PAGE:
If you are a tenant facing removal, your last hope may seem to come from the Anti-Eviction Act. Certainly, there is a law that restricts the ability of a landlord to oust you from your home. Notwithstanding, landlords may find some solace in this part of the law. It may prove to be extremely helpful.
All things considered, it first makes sense to understand the language of the Anti-Eviction Act. It starts at NJSA 2A:18-61.1 and continues through NJSA 2A:61-12. First, let’s sum up the grounds for tenant removal as follows:
- Non-payment of rent
- Tenant has been given notice to cease disturbances of peace and quiet
- Premises have been damaged as an act of gross negligence
- Lessee has breached a covenant of the lease agreement
- Issues with controlled dangerous substances on the premises
- Landlord intends to permanently board up or demolish the rental property
These are just some of the causes that building owners may seek to evict tenants; there are actually eighteen of them. For further reasons, you should take a look at NJSA 2A:18-61.1. Of particular interest may be the restrictions imposed by the statute that discuss an owner’s right to evict as long as the building is three or less residential units. In that case, there must be proof that the owner intends to occupy one of the dwellings.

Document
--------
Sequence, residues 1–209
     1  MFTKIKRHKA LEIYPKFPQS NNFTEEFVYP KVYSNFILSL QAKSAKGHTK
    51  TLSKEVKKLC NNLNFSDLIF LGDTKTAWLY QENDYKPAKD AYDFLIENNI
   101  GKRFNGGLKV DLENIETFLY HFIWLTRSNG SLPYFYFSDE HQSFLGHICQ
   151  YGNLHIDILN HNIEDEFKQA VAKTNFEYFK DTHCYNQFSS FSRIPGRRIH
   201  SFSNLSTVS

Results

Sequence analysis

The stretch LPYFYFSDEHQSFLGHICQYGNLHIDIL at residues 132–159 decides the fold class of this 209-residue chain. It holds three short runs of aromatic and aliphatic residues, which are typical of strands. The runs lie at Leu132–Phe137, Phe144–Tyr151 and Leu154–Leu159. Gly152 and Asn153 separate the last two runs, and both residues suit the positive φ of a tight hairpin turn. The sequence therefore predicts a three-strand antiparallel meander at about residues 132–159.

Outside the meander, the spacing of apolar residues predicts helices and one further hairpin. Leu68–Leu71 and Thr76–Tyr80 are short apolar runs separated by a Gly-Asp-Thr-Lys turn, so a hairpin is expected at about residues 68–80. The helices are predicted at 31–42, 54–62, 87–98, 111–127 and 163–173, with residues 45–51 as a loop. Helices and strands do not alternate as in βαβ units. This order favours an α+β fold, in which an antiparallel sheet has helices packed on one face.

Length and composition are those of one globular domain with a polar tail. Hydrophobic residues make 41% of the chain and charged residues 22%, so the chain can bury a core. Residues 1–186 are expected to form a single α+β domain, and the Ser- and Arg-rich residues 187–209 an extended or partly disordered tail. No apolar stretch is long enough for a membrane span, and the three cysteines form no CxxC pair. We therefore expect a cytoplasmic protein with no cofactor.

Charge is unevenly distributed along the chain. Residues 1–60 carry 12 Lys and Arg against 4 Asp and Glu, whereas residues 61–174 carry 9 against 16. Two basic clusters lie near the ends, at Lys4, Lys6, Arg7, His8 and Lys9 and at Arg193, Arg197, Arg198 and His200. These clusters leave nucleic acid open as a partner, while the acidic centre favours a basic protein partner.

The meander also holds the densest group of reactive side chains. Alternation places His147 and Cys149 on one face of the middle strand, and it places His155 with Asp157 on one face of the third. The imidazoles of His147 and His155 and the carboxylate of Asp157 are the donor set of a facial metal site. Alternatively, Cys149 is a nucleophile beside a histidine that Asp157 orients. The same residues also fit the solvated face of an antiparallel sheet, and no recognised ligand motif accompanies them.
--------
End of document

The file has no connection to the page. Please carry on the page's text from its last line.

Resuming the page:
As an aside, sale of a residential building of three or fewer apartments may also be a reason that calls for the removal of a tenant.
Anti-Eviction Law Works for Both Parties
The mere term “anti-eviction” suggests that it is tenant oriented. In some ways, the law provides protection from unscrupulous landlords. For one, many have concerns regarding the consequences of paying the rent a few days late. You won’t have to worry about coming home and finding your worldly possessions on the front lawn. Or, in the trash containers on the side of the house.
As a quick aside, a landlord who tries to execute a so-called “self-eviction” can find themselves in trouble. This includes locking a tenant out or turning off utilities. In fact, it may mean appearing in court for a disorderly persons offense, which you will find further defined in NJSA 2C:1-4.
By the same token, landlords are required to provide proper notice when it comes to seeking eviction. The only exception is when it comes to paying rent. Obviously, tenants are keenly aware of the consequences they face for non-payment.
Anti-Eviction Act and Landlords
Understandably, removal of a tenant under the Anti-Eviction Act sounds like a big deal. And, it actually is in many regards. In fact, many landlords seek the services of an experienced landlord/tenant attorney for just this reason.
There are exclusions to proving one of the items that are a part of NJSA 2C:1-4. Take for example owner-occupied buildings of less than three apartments. Although the court must formally order the eviction, it is not necessary to come up with another reason under the statutory requirements.
If you are involved in an eviction process, it makes sense to seek legal counsel to get a better understanding of the law. Contact the Law Offices of Lawrence Centanni to set up an appointment.